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By the Pact by Joanna Maciejewska is the fourth book from my Third Batch of books. My update post will be up soon and I shall be posting further information about my final three books asap.   My reviews so far are linked below and you can find feedback from my first and second batch of books here and here and further information on SPFBO here.

Bythepact

By the Pact is a tale of demons and mages, sand and sorcery, I confess that I liked the way the author turns certain tropes on their head a little and I also found myself connecting quite well with the central duo.

As the story begins we step into a sort of Indiana Jones type adventure with two characters searching the desert for an old ruin and a valuable artefact.  Of course, you could be forgiven for immediately suspecting traps and trickery and you’d be spot on, up to a point – however, this particular trap has been laid by a demon. Imprisoned many years ago by archmages and believed to be dead by the majority of the world following a cataclysmic event, Veranesh is very much alive and not entirely happy at having spent the last few centuries entombed in crystal beneath the sand. The only way for the two to escape alive, albeit a temporary reprieve, is for one of them to make a pact.  Ultimately Veranesh wants freedom but how can anyone justify releasing the very monster who caused such widespread death and destruction?  Regardless, a pact is formed and the two main characters buy themselves a little time in which to think up a Plan B.

Now, I would point out that as I started this I felt a little overwhelmed at first, well, perhaps not overwhelmed so much as in the dark a little.  There were lots of references about past events, mages, highmages, archmages, demons and their ranks not to mention arcanists and mage killers.  So, yes, at first I was trying to figure out all the whys and wherefores at the same time as wondering if I was being incredibly dim witted.  As it happens, I think that you simply have to run with this because the author does a great job in gradually bringing you up to speed with the world, the characters and the demons and their own hierarchy – so, be patient.

The two central characters are Kamira, who potentially gave up a promising career as a highmage following a dispute with one of her teachers and turned instead onto the path of the arcanist and her friend and adventuring partner Veelk who is a very capable warrior and mage killer. Alongside this there are a couple of other plotlines involving certain characters.  A queen whose lands have been taken over by an army of demons following an unlikely pact between four stronger demons who has been forced to flee and seek refuge.  Her people have become dependent on magic that they thought kept them protected, they’re also addicted to the essence of magic that has been constantly available to them through a structure or relic that is now destroyed.  The other storyline involves one of the Archmages who seeks power and is constantly trying to manipulate those around him.  As these three storylines develop the nature of the demons and the role they play is revealed and it definitely turns things on their head a little in a rather surprising way.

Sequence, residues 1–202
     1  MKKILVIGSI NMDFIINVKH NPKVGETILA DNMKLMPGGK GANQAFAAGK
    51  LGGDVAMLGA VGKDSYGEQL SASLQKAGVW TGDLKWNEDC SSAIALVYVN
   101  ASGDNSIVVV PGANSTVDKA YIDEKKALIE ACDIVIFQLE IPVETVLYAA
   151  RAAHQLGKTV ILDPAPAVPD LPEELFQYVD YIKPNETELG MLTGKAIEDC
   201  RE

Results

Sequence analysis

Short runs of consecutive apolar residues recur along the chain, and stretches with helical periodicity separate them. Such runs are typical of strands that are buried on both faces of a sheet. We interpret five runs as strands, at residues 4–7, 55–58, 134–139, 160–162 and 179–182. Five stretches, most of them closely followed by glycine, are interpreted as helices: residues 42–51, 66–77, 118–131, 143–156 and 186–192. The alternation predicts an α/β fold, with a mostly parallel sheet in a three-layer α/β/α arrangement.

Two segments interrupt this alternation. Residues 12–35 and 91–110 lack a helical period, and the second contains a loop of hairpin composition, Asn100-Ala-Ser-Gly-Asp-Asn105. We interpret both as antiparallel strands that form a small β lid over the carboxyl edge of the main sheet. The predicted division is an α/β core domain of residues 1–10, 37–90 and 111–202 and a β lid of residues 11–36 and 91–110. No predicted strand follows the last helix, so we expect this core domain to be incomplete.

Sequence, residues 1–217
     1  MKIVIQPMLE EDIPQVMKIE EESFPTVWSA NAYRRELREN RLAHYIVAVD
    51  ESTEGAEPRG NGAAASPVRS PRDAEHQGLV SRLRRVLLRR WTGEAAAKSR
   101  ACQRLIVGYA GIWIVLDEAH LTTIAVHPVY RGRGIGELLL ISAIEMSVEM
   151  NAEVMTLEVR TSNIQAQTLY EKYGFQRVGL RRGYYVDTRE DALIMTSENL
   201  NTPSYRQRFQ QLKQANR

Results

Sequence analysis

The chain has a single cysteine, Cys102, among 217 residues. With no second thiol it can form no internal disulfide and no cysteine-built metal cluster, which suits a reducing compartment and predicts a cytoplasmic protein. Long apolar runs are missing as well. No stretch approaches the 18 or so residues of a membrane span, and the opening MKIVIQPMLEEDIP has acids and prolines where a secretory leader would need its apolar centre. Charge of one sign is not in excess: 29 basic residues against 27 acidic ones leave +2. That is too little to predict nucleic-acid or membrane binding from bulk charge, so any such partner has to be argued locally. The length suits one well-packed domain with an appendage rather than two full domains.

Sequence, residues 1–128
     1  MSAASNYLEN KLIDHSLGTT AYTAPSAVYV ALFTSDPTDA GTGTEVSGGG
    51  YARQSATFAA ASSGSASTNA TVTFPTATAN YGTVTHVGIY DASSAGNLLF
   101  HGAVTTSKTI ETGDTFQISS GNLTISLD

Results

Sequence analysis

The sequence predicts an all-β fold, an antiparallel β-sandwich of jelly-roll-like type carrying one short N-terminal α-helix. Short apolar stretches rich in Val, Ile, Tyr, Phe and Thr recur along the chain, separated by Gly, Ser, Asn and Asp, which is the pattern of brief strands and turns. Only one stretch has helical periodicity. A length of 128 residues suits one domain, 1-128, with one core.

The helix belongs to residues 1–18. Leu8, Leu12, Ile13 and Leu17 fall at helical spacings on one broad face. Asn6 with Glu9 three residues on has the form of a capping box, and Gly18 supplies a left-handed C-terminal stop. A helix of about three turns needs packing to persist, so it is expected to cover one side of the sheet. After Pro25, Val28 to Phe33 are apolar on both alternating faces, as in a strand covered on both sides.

I found By the Pact very easy to read.  I may have got off to a slightly hesitant start but as the story progressed I found myself forming attachments to the two central characters.  They have clearly been on a lot of adventures together and obviously care about each other and this comes through in their banter.  I also really appreciated the twist on the demon trope.  Don’t get me wrong – the demons are still, well, demonic, but at the same time they have their reasons for behaving the way they do, the pacts they form are usually beneficial to both parties and there is a well thought out element to why humans really need them (probably more so than the reverse). That’s not to say I’d be rushing to make any pacts myself but I think what basically comes to light is that, as with any race there are elements of good and bad and so whilst I wouldn’t say that you’re going to get any soft and fluffy demons here you do encounter those that live by a certain code of conduct – (although even those might rip your arms and legs off if you annoy them too much). Just saying.

In terms of the pacing.  Well, certainly this seemed to gather in strength as the story got underway.  The author steadily adds layer by layer to the characters.  We find a little more of their back stories and definitely in terms of Kamira her character arc was really quite pleasing as certain traits were teased out of her.  Veelk was perhaps a little less well drawn.  He came across like a Conan the Destroyer type warrior, hench, rushing into the fray with a smile on his face like a killing machine and womanising on his days off.  I didn’t dislike him, I enjoyed the friendship he shared with Kamira but he was a little bit predictable. Veranesh? Well, I ‘m not going to say I liked him – he’s a demon, can you really trust him? I mean, your basic definition of ‘demon’ is ‘an evil spirit or devil’ – however, he definitely added a certain something here even if I don’t buy into his ‘nicey-nicey’ side.